shadow work: where will I find my shadow, what do I do next and who is Ken Wilber?
What is “my shadow?”
Our shadow is aspects of ourselves that we have found unacceptable or we cannot tolerate that we have, in turn, come to split off, reject, suppress, deny or have projected onto others (qv couple relationships). Shadow often expresses itself through legitimate or “illegitimate” complexes or neuroses, likes, dislikes and common prejudices.
We will, at times, have found very elaborate reasons to justify what will have become our preferences, beliefs and way of conceptually holding the world and keeping those things we fear at bay. This is ironic, for in actuality we are simply keeping ourselves-or the fullness of what we can become-at bay.
Living caught up in shadow is simply a Case of Mistaken Identity: this is not really who we are.
We are required to own our shadow or be owned by it.
Shadow work is the process we use to own and integrate the shadow into ourselves, in order to enhance our emotional, cognitive, psychological and spiritual wellbeing; a wellbeing that otherwise would have been spent in shadowboxing ourselves and hence others. It is a kind of cleaning out the basement or swamplands; Jon Kabat-Zinn in his book Wherever You Go, There You Are describes it as “bucketing out the pond”-or, to use another metaphor, it’s like reverse engineering the situation.
In Jungian psychology our shadow is often found in myth and in legends, often in fairy tales; one the most potent symbols of the shadow is The Trickster, often personified as a Dionysian or a figure of harlequinade, an opposite (for example in fiction The Joker is The Batman’s shadow, and a Trickster). Yet this figure is in reality our inner Trickster, who fools us into maintaining our mask towards the world, our fragile ego; the figure of the inner Trickster illustrates the slippery nature of the shadow.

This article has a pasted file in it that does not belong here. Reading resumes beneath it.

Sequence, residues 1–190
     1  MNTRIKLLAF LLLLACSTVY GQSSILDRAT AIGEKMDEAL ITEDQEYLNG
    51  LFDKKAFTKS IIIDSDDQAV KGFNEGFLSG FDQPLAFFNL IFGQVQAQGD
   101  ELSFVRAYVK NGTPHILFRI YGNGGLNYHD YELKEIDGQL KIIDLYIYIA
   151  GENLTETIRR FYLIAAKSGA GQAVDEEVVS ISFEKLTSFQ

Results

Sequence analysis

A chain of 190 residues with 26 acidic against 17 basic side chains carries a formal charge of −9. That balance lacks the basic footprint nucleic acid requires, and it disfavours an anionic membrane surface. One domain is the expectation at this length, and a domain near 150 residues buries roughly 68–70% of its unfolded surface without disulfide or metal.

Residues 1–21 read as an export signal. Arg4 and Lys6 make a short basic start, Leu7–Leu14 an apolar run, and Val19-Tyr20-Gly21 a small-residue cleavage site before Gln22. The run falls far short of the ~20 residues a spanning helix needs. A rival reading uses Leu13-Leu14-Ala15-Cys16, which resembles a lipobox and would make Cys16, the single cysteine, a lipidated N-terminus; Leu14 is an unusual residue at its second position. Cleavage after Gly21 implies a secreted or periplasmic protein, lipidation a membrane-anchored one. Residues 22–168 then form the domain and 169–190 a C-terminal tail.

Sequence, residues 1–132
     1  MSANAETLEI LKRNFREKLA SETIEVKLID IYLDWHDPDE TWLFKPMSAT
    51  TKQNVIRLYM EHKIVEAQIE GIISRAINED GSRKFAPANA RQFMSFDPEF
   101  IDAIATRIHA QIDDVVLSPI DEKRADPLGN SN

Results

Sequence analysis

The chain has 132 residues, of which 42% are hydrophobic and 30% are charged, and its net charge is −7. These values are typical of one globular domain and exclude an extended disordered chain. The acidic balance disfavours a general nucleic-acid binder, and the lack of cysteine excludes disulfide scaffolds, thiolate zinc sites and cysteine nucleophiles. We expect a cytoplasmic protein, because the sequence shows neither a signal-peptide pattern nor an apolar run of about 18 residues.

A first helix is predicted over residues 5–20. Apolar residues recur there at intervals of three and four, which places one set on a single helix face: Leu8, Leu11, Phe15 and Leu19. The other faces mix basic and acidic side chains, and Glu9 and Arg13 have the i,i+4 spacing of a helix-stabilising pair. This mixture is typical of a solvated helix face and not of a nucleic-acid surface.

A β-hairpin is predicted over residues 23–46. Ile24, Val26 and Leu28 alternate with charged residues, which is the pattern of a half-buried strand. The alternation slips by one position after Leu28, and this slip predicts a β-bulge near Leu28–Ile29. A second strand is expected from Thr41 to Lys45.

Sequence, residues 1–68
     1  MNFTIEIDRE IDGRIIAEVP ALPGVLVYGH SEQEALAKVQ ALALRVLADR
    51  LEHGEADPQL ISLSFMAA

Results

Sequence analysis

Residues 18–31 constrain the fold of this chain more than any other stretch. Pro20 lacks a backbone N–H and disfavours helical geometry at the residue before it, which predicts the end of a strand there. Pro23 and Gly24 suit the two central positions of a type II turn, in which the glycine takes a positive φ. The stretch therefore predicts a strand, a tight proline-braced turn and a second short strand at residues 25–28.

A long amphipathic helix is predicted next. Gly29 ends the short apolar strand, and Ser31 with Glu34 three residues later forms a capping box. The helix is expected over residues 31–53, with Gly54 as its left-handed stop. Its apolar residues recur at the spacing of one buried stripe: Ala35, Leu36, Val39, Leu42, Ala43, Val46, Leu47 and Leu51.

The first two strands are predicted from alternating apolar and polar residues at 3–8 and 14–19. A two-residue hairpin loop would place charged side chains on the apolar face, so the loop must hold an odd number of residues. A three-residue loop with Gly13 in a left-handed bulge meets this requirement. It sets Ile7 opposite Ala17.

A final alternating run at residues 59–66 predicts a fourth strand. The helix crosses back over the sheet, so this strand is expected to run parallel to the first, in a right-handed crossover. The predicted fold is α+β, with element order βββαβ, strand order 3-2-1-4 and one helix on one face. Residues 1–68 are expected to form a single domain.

Our shadow is always present, yet hidden.
Hidden where, though? Where do we find the shadow?
Possibly one the simplest yet more effective ways of remembering the way shadow works is to recall the old “psychodynamic rhyme”
“I looked and looked
and when I looked
this I came to see
what I thought was you-and you-and you
was really me, and me”
Which perfectly captures the essence of projection and transference in the game of shadowboxing.
There are, though, 5 areas that we explore to bring our shadow into light:
- Our family
- Our persona
- Our triggers and othering
- Our couple relationships
- Our body
- I can find it in my family: family shadows
Draw your family tree, or better still draw out your genogram, linking your family tree to your partners and ex partners. In this elaborate and multiple family tree, look within in the branches and explore
-taboos and transgressions
-patterns that connect with each other, especially transgenerational patterns
-secrets and shame
-issues around mental health
Shadows lurk (The Trickster!) and play hoaxes on us in these branches, yet in these branches reside the way our families have worked to keep the shadows at bay, hiding in the “normal” and the “nuclear” family, smiling away fear, guilt and shame.
- I can find it in myself: my persona is my shadow
Taking a long look at myself, often with the help of a skilled therapist, can be a profound stepping stone to integrating those parts of ourselves we have disowned. Here are a few ways to do this:
-what are my shoulds, oughts and musts, what do I feel I have to do?
-where do I work? Why?
-which friendships groups/communities would I never belong to? Why?
-what choices have I made? Why?
-when have I self-sabotaged?
-what thoughts and feelings am I ashamed of?
-what are secret desires?
-what happened to me?
-what is my attitude to sex, money, politics?
- I can find it in my likes and dislikes: projection and transference
-when I dislike [ ] who do this person remind me of?
-when I blame or start to hate the other person, projecting myself in turn as “good” and allowing the other to be bad: that’s my bad stuff I’m projecting out
-what makes me angry? -take it back into yourself, as the Buddhist Lojong slogan says, “drive all blames into one”
-which groups do I demonise?
-what kind of folk do I keep close to me?